With the closing of day cares, schools, and offices, professional parents had to create work space at home and navigate working full time while parenting and overseeing virtual school.
Three ACES members — Steve Bien-Aimé, Kristen Lewandowski, and Katelyn Witt — share their pandemic experience, along with some tips.
Assistant professor of communication at Northern Kentucky University
My wife (and fellow ACES member), Alyssa Appelman, and I became new parents during the pandemic in 2020. We both teach classes and research. We taught primarily online for much of the 2020–21 school year and so we all spent a lot of time in the same house.
Freelance editor in Washington, D.C., with a 1-year-old and a 4-year-old
Since my oldest was born, I have worked three days a week and stayed home with my kids two days a week. I primarily work with nonprofits, and have a special interest in public health and medicine.
Copyediting client manager at J&JEditorial in Cary, North Carolina
In addition to my 2-year-old daughter, I live with my husband, two cats, and our Great Pyrenees pup.
Steve: Ha! Adjusting to life as a parent is challenging, especially during the COVID-19 era. I think something that was unexpected was keeping the extended family, namely grandparents, in the loop. We are utilizing the technology to make sure that we’re keeping Samuel connected to family hundreds of miles away, but it does take time and a concerted effort to do so.
Kristen: Our youngest was born in March 2020, so I spent the first part of the pandemic on maternity leave with both kids. Once day care reopened, we still weren’t comfortable sending the baby, so I squeezed work in during morning and evening hours and nap times, and also turned down some freelance projects. We have also kept the kids home for a month or two during each COVID case surge, and I’ve been their primary caregiver during those periods.
Katelyn: I actually received a promotion shortly after the shutdown happened, so my responsibilities changed pretty drastically. I went from being a senior copy editor on a few scientific journals to being a client manager for one of our departments. This came with a lot of added responsibilities. The pandemic brought about 100% remote work for our company, so we had to figure out how to manage employees and maintain the quality of our work, training practices, strong company culture, etc., all online.
Steve: Sleep and taking care of yourself suddenly took a backseat to taking care of a newborn. Now as a toddler, Samuel is more mobile and independent, which in some ways makes things easier and in other ways becomes more difficult.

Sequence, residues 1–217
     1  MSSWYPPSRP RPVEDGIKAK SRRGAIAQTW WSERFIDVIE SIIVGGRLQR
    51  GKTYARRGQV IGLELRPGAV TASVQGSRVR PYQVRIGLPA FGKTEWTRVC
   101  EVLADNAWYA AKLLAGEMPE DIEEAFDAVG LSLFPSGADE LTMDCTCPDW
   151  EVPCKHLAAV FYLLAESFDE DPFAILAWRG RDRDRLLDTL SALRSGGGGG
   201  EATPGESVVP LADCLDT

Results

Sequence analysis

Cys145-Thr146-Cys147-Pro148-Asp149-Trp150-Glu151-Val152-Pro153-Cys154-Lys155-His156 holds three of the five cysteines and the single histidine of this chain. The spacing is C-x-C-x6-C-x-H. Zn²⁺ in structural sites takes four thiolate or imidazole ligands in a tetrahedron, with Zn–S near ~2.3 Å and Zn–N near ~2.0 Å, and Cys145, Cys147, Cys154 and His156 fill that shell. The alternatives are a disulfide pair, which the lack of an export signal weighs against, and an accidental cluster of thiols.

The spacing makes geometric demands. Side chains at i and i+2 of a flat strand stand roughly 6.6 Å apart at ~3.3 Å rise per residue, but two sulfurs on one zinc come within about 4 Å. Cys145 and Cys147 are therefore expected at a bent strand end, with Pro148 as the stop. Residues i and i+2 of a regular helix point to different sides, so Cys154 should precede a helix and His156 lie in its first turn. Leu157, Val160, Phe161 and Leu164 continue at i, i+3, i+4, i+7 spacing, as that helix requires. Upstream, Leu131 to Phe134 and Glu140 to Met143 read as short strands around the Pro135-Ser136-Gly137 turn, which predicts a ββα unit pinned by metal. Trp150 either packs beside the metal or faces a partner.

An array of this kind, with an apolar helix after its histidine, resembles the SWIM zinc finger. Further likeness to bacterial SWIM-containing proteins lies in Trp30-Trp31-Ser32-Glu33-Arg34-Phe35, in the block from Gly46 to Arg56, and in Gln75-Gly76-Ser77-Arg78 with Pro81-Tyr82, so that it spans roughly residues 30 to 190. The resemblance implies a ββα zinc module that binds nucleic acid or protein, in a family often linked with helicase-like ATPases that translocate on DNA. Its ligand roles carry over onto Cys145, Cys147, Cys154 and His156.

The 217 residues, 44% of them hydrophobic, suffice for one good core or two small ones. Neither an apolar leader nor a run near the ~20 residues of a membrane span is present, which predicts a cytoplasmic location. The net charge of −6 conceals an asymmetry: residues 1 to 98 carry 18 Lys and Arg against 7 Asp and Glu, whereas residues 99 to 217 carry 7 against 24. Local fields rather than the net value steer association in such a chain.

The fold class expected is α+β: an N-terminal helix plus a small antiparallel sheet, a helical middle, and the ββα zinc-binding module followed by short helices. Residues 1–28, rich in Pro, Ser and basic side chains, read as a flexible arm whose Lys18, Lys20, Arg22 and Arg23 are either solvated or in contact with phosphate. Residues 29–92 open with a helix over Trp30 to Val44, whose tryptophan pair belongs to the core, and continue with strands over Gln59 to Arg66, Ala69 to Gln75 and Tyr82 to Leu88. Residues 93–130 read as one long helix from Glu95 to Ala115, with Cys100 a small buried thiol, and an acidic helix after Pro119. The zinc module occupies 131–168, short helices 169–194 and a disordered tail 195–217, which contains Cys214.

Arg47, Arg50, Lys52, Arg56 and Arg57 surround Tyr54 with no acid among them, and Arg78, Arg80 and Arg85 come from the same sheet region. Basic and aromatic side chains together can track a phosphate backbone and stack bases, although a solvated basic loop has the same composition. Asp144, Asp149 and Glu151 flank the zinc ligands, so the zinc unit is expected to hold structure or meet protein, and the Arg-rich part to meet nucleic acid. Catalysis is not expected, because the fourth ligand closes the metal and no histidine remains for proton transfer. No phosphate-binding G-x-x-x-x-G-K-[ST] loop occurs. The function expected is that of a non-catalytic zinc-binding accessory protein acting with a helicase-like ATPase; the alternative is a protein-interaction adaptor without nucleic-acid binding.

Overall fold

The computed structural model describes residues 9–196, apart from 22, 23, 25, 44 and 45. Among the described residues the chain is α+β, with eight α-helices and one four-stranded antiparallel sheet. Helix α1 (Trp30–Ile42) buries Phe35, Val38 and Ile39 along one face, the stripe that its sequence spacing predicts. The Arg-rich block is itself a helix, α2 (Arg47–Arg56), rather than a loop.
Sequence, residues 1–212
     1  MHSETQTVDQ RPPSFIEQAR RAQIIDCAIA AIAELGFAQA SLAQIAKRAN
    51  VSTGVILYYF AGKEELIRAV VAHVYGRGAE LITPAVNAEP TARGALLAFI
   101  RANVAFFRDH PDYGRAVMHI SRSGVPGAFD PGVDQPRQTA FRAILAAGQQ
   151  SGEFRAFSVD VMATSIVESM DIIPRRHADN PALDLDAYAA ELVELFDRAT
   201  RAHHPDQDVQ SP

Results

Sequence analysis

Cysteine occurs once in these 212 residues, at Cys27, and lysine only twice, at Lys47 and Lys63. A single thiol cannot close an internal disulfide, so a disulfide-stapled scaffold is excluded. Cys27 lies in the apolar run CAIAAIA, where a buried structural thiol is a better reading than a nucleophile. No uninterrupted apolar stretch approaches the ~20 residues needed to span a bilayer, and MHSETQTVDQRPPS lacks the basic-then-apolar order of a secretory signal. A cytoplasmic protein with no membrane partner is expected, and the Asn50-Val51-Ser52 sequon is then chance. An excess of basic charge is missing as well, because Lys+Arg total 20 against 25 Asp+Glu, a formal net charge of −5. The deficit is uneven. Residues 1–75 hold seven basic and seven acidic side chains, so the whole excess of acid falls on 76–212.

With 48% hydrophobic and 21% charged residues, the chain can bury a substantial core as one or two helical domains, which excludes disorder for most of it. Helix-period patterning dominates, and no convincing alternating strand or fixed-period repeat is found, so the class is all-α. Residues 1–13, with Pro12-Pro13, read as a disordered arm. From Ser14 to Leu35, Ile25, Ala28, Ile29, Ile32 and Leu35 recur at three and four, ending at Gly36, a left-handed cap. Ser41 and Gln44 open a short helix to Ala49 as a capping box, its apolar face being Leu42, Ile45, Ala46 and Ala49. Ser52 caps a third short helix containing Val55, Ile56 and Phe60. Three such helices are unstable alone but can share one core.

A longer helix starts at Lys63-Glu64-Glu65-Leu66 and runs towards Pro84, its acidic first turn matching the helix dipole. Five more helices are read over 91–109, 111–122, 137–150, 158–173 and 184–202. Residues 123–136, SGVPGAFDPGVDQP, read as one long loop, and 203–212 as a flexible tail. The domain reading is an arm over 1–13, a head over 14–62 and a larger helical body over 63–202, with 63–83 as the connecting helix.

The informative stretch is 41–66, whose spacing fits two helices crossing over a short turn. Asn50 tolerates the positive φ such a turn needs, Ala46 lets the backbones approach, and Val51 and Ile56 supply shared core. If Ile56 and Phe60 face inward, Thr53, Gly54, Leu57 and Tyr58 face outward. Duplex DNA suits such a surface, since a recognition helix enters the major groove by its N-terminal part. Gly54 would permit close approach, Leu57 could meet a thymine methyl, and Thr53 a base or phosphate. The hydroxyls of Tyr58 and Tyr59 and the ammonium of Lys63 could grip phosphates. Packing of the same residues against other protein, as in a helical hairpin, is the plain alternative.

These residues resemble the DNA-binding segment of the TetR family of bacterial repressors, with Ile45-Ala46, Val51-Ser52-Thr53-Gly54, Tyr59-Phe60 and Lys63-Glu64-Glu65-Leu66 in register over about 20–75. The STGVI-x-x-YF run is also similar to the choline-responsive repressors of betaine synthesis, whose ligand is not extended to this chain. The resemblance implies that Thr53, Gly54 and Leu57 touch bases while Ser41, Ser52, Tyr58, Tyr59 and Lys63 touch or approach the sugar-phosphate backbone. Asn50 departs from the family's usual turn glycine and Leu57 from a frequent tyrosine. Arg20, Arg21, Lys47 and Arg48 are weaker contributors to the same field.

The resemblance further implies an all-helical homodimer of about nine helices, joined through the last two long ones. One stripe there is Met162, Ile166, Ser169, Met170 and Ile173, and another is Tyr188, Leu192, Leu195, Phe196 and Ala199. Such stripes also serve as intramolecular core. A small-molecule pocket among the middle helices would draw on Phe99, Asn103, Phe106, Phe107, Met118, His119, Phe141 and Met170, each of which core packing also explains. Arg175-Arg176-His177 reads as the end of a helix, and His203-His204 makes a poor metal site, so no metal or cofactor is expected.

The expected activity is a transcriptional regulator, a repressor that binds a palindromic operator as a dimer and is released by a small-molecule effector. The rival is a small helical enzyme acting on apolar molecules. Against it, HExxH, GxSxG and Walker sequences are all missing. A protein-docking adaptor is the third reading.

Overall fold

Kristen: For six particularly rough weeks during a recent COVID surge, my husband and I split childcare and work on an almost hourly basis: I worked 8–9, 12–2, and 4–5, and took care of the kids from 9–12 and 2–4. I’d then work for a few hours after the kids went to bed. I used to be someone who would take on any project or find a way to make almost any deadline work, but parenting during the pandemic forced me to adjust my expectations for what is reasonable to do in a day.
Katelyn: The biggest challenge for me was setting healthy boundaries between my work and home life. When the physical space became the same, they began to blur together.
The working-parent struggle definitely isn’t new—being at work thinking about your child and feeling distracted and then being home with them thinking about work. So, basically, feeling guilty 100% of the time. But this is so much harder when you are working and can actually hear your child laughing and playing in the other room. Likewise, because my computer was always within reach, I found myself often feeling anxious about all the work I needed to get done, and I had trouble shutting off work mode to relax and enjoy time with my family.
Steve: I’m still working that part out. LOL. The biggest thing is to try to limit the working hours to ensure consistent time for us to be together as a family of three, and time to catch up with my wife when Samuel goes to bed. Though the entire household falling asleep at 9 p.m. is a common reality here.
Kristen: I am lucky that my schedule never goes above 30 hours per week, so even with the toughest crunches, I was able to work in the mornings or evenings and keep my weekends free for down time.
Katelyn: Finding time for yourself is really difficult! I usually take advantage of my daughter’s nap time and try to align that with a break for myself. Everything is quiet, and I step away from my computer for a bit to eat and do something I enjoy. I’ve found that this hour makes me feel recharged and more able to tackle the rest of the day.
Another thing I do is take our dog for a short run or walk when my husband gets home from work in the evening. I love this half hour to myself! I’ll listen to music or a podcast, move my body after sitting in front of a computer, and get some fresh air. It also serves as a way to mark the end of the day and transition into winding down with my family for the night.
Steve: I thought our lives were structured. Now with a kid, we have to be extremely intentional about how we spend our time. We also have a much better understanding of being flexible when a new meeting comes up or someone gets sick. We have to build in more lag time for various endeavors. Also, scaling back work or spreading out assignments over a longer time period is a continued work in progress.